Time for some basic labour rights? Why hiring Filipino housemaids just got almost impossible in the UAE
Recruiters who spoke to Gulf News agreed that Filipino maids are the most in demand because they speak English, are hard workers and “don’t cause too much trouble”
Hiring Filipino housemaids has become tougher in the UAE since the introduction of the unified contract for domestic workers in June that conflicts with policies of the Philippines, recruiters said.
Both the UAE and Philippine governments are committed to implementing their contracts designed for hiring maids. Recruiters and families who need to hire house help, however, are caught in the middle since both countries have differing policies.
The Ministry of Interior introduced the new standard contract for housemaids on June 1 to protect the interests of both housemaids and their employers. Following this, the Ministry of Labour issued a circular stopping embassies of labour-sending countries from verifying or ratifying contracts of domestic workers. It also said employers who wish to sponsor housemaids should not be compelled by embassies to be screened or “to sign any contract pledges by those embassies”.
Gulf News has obtained a copy of the circular.
The move has led to a shortage of maids from the Philippines, which imposes strict measures in maid deployment. The pool of domestic help in the UAE is getting smaller since the Ethiopian government still has a ban in place on its nationals from working in the UAE as maids. The Indonesian government is also currently making changes in its deployment policies, which has affected maid supply.
“Business is dead,” Rodel Gabriel, a consultant at Al Sharq Al Aqsa Labour Supply, told Gulf News. “Some 75 per cent of our deployments are Filipino maids. Because of the confusion over the conflicting policies, no new deployment can be made.”
No employment ban
The Philippine missions in Abu Dhabi and Dubai are directly affected because Philippine laws mandate them to verify contracts for housemaids before deployment to ensure that their rights are protected. Without the necessary verification, they cannot deploy housemaids. Philippine Labour Secretary Rosalinda Baldoz, however, denied any deployment ban.
“We did not issue any deployment ban. Based on Philippine regulations, if no contracts are verified by the Philippine labour offices [in Dubai and Abu Dhabi], the Philippine Overseas Employment Administration (POEA) will not process contracts for household service workers bound for the UAE,” Baldoz told Gulf News in a phone interview from Manila.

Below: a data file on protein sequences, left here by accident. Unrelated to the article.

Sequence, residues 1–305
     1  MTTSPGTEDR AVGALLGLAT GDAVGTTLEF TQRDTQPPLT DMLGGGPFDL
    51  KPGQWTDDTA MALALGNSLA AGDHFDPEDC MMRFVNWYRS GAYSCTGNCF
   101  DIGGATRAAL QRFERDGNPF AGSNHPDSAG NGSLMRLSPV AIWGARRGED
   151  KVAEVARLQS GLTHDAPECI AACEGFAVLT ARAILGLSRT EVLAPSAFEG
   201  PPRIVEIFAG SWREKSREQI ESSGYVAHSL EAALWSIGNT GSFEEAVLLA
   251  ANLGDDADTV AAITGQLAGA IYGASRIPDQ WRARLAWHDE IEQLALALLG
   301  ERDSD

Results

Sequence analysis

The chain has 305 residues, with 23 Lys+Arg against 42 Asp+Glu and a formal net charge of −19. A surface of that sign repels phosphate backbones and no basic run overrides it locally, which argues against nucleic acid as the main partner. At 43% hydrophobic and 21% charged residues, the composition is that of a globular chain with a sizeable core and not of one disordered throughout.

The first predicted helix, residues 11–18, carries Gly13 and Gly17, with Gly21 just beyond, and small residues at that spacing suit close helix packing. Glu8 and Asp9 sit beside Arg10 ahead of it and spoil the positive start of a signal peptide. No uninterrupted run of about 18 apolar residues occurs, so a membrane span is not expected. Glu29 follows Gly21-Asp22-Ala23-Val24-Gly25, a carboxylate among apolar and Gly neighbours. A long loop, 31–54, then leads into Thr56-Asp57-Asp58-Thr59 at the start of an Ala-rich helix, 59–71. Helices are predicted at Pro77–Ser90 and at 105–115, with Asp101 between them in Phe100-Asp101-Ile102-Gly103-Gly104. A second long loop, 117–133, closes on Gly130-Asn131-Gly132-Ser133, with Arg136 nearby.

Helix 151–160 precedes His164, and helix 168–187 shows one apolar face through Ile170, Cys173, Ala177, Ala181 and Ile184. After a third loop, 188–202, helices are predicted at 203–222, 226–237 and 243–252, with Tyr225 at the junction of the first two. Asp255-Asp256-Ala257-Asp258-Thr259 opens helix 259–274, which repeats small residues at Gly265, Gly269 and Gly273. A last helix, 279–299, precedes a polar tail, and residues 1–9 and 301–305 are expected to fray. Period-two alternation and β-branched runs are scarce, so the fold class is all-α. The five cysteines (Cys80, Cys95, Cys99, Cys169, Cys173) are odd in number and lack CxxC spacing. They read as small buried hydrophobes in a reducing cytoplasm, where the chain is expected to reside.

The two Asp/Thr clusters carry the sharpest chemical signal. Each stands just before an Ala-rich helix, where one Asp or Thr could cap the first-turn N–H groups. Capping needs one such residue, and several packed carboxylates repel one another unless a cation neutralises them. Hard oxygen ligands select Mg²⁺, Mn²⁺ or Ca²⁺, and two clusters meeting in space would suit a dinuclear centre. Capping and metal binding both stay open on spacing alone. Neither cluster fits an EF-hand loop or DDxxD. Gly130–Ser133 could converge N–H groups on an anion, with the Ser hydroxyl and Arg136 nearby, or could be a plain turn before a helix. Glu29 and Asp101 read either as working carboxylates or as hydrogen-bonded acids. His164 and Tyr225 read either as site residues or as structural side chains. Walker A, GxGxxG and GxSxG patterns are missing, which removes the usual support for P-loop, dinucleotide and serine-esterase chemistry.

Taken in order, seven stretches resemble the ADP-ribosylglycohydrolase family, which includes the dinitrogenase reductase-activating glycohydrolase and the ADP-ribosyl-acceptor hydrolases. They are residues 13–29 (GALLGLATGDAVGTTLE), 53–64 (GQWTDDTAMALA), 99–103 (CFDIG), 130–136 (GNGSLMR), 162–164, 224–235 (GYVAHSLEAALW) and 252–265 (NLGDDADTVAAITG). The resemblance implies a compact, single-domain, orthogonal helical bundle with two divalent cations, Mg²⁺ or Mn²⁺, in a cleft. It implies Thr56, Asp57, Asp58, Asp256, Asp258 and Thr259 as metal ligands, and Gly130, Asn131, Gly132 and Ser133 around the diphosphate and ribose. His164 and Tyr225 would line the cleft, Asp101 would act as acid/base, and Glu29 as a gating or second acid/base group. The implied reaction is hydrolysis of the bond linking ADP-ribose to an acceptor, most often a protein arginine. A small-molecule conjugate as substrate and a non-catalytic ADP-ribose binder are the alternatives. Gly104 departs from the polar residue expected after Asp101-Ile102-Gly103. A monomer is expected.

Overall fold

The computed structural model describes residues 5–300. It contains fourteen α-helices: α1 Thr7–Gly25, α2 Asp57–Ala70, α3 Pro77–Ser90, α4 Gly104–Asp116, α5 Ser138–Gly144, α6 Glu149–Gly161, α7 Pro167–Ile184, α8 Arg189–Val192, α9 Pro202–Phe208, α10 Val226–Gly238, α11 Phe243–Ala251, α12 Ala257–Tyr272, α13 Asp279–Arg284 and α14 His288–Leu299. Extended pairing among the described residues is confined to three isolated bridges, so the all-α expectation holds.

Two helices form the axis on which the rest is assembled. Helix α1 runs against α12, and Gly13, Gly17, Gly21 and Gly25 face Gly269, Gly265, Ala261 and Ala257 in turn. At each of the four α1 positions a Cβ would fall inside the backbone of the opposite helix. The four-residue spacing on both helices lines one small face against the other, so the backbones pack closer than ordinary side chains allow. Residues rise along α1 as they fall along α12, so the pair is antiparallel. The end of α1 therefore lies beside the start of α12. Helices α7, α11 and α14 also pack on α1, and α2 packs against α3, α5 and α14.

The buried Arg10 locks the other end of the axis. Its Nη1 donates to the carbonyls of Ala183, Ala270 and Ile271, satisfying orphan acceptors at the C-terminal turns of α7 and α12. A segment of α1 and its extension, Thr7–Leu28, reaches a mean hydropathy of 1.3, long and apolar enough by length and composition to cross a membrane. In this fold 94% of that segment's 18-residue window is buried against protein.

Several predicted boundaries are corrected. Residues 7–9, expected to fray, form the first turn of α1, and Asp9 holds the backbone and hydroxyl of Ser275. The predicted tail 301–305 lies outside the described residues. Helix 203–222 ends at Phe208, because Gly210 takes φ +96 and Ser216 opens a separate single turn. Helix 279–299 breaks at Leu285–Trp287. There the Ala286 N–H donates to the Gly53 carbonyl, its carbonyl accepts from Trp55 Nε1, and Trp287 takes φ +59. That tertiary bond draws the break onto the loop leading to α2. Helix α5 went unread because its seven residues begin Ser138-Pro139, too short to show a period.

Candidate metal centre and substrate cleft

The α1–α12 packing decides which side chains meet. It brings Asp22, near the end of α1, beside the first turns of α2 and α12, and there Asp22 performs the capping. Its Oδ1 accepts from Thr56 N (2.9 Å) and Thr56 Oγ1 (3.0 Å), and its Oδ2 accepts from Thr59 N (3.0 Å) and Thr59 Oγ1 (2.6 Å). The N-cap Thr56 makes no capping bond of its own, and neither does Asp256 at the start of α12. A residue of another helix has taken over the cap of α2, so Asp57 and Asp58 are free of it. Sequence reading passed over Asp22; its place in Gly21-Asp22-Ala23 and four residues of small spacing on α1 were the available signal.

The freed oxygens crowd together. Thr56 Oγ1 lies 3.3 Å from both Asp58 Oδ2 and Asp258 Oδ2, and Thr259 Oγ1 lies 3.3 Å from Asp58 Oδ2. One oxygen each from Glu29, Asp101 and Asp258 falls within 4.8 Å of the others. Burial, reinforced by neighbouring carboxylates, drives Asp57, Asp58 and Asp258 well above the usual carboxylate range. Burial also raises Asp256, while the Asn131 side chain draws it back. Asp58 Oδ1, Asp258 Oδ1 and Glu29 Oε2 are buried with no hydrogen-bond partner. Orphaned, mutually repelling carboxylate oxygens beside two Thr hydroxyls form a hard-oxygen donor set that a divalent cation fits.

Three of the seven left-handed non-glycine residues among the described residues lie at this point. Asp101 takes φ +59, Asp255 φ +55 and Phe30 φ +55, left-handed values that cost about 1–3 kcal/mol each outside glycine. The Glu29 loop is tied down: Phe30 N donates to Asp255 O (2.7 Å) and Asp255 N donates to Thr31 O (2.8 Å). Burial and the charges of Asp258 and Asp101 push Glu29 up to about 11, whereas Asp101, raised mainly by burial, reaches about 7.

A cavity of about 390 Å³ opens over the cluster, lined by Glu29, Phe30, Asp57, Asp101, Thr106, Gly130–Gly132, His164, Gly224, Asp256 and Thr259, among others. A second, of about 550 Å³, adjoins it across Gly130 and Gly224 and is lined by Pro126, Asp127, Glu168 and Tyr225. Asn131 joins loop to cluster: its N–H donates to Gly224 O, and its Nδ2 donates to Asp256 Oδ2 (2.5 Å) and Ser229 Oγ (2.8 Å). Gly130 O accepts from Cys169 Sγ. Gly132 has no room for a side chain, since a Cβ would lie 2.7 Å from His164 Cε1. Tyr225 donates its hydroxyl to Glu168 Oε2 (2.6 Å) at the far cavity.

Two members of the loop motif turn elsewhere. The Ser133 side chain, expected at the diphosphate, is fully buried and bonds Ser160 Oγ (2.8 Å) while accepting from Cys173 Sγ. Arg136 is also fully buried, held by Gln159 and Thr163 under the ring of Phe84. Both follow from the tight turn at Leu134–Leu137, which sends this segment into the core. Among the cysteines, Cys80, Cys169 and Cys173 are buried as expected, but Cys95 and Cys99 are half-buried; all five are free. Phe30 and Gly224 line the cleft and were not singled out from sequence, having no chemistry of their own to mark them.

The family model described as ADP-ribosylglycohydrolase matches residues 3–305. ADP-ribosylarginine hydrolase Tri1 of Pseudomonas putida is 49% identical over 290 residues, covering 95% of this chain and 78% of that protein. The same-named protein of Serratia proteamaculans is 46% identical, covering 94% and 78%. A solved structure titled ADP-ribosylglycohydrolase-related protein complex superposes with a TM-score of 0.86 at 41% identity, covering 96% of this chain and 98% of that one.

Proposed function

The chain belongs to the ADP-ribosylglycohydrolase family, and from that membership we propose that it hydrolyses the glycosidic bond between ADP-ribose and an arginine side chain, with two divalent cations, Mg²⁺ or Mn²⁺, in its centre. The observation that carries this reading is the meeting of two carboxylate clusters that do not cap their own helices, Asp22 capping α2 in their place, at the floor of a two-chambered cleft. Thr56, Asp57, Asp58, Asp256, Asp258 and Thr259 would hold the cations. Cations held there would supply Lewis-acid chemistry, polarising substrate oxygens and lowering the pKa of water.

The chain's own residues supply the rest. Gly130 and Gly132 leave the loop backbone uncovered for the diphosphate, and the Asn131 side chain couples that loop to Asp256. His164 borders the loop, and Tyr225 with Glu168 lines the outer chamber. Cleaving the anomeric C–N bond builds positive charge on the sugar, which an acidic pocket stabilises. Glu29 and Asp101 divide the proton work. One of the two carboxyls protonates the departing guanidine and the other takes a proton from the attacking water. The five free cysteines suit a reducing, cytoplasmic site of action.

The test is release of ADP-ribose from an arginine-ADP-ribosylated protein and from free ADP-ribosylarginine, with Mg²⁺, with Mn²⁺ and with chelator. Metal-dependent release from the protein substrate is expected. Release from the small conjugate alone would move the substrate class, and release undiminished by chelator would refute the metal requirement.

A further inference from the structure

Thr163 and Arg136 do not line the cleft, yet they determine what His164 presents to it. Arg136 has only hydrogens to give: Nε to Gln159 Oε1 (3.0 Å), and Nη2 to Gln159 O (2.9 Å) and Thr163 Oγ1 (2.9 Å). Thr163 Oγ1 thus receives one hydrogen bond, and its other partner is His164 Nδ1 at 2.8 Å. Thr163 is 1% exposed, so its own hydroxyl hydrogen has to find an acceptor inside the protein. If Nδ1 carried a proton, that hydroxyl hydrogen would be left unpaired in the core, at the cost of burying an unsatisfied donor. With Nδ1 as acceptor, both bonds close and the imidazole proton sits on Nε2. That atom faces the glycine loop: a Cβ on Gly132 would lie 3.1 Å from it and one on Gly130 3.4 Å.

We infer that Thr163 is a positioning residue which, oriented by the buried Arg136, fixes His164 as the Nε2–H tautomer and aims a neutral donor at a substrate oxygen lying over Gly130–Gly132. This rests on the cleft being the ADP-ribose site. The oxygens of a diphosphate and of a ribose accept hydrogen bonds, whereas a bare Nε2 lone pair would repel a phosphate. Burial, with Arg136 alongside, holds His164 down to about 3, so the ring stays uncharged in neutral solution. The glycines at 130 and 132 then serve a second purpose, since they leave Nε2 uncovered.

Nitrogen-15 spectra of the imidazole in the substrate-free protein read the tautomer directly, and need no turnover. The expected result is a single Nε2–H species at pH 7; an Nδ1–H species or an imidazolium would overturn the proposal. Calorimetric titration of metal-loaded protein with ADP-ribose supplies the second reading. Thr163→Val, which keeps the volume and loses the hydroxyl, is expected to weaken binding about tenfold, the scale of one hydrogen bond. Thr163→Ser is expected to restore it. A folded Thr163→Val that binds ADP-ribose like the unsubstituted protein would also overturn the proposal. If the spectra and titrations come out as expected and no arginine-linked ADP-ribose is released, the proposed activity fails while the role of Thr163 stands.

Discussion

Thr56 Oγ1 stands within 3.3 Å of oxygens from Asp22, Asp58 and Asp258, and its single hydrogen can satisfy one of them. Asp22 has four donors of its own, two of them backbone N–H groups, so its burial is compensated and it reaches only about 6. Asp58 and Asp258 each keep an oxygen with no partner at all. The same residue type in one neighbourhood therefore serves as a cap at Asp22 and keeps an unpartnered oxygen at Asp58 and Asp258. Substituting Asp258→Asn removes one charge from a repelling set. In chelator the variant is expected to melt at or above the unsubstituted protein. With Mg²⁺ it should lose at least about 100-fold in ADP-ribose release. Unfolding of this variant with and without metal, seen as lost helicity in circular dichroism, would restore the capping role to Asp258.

Baldoz said that their current decision only mirrored the Philippine government’s stance when Saudi Arabia earlier unilaterally suspended contract verification for maids. But despite the lack of a deployment ban, the Philippine Manpower Agencies for the United Arab Emirates based in Manila said they will stop sending Filipino maids to the UAE by July due to the ministry’s new rule, local media reported yesterday.
Verification is part of the Philippine reform programme package that upholds the protection of Filipino maids, including ensuring they get a minimum $400 (Dh1,469) monthly wage, a minimum age deployment of 23, a weekly off, and no placement fees, among others.
Recruiters who spoke to Gulf News agreed that Filipino maids are the most in demand because they speak English, are hard workers and “don’t cause too much trouble”. Next in demand are Indonesians, Sri Lankans, Bangladeshis and Nepalis.
Shoukat Ali, owner of Al Sanabil Manpower, said he currently has 34 visas left for Filipino maids but will have nothing after that.
“Every day we have customers asking for Filipino maids. But we can’t get new contracts any more. This has affected our business very badly. Inshaallah there will be a resolution soon.”
Ahmad Hatim, owner of Al Nasr Service Company, said his business too is in bad shape.
“I respect the rule of the Philippine government. They have a point. But I believe the new unified contract by the UAE government gives housemaids 100 per cent protection from abuse or unpaid salary since it’s the immigration that will run after [erring] sponsors,” Hatim said. “The old contract is just ink on paper; it has no police power here in the UAE.”
Gabriel underscored the importance of contract verification since it is “the country’s right to protect their nationals”.
“Based on my analysis of the market, about 80 per cent of abused workers are housemaids and lower-skilled workers,” Gabriel said. “I hope they come up with a resolution soon.”
Without new Filipino maids to deploy, other nationalities from Africa have filled the gap in the market.
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